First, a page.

Q & Ace with Wilfredo Gonzalez
CORAL GABLES, Fla. - They are stories of perseverance. Stories about growing up, becoming men and being a part of a family. One-by-one, we hear from them. These are the Miami Hurricanes...
I started playing tennis because of my father. He’s a tennis coach, and he has his own academy, so I started playing when I was five years old. I started taking it seriously when I was about eight years old.
I chose to attend The University of Miami because it’s close to Guatemala. It only takes about two hours by plane to get home, I like the weather, and I really like the people. I feel at home, because there are a lot of Latin people in Miami. It’s a great University.
My role model is a goalkeeper for my favorite team Barcelona, Victor Valez. I follow him and like him so much because in the beginning he wasn’t a very good player. Throughout the years, though, he made himself one of the greatest players in the world. It’s a great example of how hard work can pay off.
Because of tennis I’m here at the University. I wouldn’t be here without tennis. It also gave me a chance to be a better person, to be grateful with what I get, to be nice to the people around me and to make more friends. I have so many nice people in my life that care about me. I’m lucky for that.
After a match I like to shower, eat and go to my room to watch TV. I don’t get to do this a lot because I’m usually so busy after matches, but this is ideal.
I prefer movies more so than television shows. I have Direct TV in my room so there’s a lot of channels to watch. I like to watch comedy or slow action films. Lately I’ve just wanted to hear the Guatemalan accent, hear people from my home talking. Recently I’ve looked up Guatemalan movies, and it’s been nice.
In Miami I am not homesick. I talk to my parents and brother almost every day. But the lifestyle here is different. It’s much faster. It’s been hard to adjust to a schedule of classes, practices and now that we’re in season there are matches. I barely have time to do anything!
Coach Rincon is one of the reasons I came here. He’s very nice. He understands me. He knows a lot and was a very good player. He knows what we have to do, how we have to react. I don’t see he and Coach Dickson as just tennis coaches. I also see them as life coaches, they support us no matter what.
My dad was my coach. I learned my basics and base from him. He helped me a lot growing up. He was a player before, and he started like I did, playing very young in the sport and in tournaments. He’s shown me what I should and shouldn’t do while traveling and practicing.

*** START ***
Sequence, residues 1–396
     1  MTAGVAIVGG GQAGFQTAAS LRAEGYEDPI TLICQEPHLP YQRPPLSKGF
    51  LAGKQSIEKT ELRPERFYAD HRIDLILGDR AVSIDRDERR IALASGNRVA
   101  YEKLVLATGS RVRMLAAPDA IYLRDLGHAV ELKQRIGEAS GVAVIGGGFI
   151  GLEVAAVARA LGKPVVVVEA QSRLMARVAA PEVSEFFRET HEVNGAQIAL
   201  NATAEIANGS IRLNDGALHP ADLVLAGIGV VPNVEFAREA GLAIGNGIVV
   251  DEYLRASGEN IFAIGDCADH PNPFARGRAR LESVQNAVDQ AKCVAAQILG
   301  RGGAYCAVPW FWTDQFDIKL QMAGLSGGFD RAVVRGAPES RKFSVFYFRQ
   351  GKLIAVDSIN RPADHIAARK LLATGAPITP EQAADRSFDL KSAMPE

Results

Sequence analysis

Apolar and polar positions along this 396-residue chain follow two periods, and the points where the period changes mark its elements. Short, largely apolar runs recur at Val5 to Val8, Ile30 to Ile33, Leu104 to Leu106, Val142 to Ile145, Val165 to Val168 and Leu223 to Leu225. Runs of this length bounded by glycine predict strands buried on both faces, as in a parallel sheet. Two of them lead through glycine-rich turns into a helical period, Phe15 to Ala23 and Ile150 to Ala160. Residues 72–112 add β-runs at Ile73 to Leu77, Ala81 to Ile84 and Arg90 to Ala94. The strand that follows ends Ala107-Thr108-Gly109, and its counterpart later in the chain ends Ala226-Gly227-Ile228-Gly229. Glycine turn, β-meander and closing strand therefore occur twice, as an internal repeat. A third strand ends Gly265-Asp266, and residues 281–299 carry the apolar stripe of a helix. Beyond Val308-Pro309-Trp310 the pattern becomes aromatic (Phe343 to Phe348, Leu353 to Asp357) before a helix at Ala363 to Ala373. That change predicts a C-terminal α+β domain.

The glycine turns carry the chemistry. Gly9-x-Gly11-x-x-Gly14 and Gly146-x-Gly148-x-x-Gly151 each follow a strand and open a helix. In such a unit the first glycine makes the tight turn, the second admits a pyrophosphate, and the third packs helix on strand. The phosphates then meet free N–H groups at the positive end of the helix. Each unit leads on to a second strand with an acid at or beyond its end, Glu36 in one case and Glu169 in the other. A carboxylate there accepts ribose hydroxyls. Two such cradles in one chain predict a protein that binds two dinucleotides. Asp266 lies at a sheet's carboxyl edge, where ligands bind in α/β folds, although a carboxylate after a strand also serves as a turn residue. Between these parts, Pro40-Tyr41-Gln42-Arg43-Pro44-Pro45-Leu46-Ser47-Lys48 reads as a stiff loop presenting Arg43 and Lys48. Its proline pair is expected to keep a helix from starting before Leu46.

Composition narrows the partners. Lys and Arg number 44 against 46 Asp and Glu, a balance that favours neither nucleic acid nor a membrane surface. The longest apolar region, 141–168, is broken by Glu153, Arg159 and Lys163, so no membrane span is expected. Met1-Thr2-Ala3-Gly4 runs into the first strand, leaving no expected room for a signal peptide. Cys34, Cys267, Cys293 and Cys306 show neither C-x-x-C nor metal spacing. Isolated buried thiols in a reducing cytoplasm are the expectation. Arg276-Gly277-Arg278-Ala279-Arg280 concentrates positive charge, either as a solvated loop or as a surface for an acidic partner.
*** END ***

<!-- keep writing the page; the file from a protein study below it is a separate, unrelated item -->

When I want to laugh I talk to my friends, back home and here in Miami.
My dream job is to be a professional tennis player. I have always dreamed of playing in tournaments, big tournaments, and being able to earn money through my hard work. It would be nice to see all of my efforts pay off.
As far as a hidden talent, I don’t have one, but I can juggle a bit!
If I had a time machine, I would go to the past for sure. I’d like to go back to when I was little, maybe 10 or 15 years ago. Now I realize how fast everything changes, and I would like to see things more slowly, analyze them and appreciate everything more.
When I’m not playing tennis I’m hanging out with my friends or watching TV.
When I look back on my childhood I will always think of some things I didn’t do, some things that, if I had done them, I would be much better today.
The U is pride. It’s my identity. It’s what I am living for.
As far as superstitions, I have a lot of them. We go to Panera to eat before the matches. The first time we went I got carrot cake, and I won that day, so I have to get carrot cake every time we go to Panera. Gabriel from the team has to take the first bite. There’s a carrot on the top of the cake, and Gabriel has to eat that too. When I’m playing I have other ones. If I win a point with a certain ball I have to use it again. If I won the last point after cleaning with my towel, I have to clean with my towel for the next point.